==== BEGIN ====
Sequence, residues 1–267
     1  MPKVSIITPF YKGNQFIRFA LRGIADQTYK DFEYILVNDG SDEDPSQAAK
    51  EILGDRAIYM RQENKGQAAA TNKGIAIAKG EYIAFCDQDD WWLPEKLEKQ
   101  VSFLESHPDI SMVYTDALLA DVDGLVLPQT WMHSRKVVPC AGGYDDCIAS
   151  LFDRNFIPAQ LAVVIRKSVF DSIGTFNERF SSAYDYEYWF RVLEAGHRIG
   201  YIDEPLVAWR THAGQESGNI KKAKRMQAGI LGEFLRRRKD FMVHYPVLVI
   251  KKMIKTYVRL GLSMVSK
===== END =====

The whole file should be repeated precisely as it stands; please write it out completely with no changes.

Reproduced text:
Sequence, residues 1–267
     1  MPKVSIITPF YKGNQFIRFA LRGIADQTYK DFEYILVNDG SDEDPSQAAK
    51  EILGDRAIYM RQENKGQAAA TNKGIAIAKG EYIAFCDQDD WWLPEKLEKQ
   101  VSFLESHPDI SMVYTDALLA DVDGLVLPQT WMHSRKVVPC AGGYDDCIAS
   151  LFDRNFIPAQ LAVVIRKSVF DSIGTFNERF SSAYDYEYWF RVLEAGHRIG
   201  YIDEPLVAWR THAGQESGNI KKAKRMQAGI LGEFLRRRKD FMVHYPVLVI
   251  KKMIKTYVRL GLSMVSK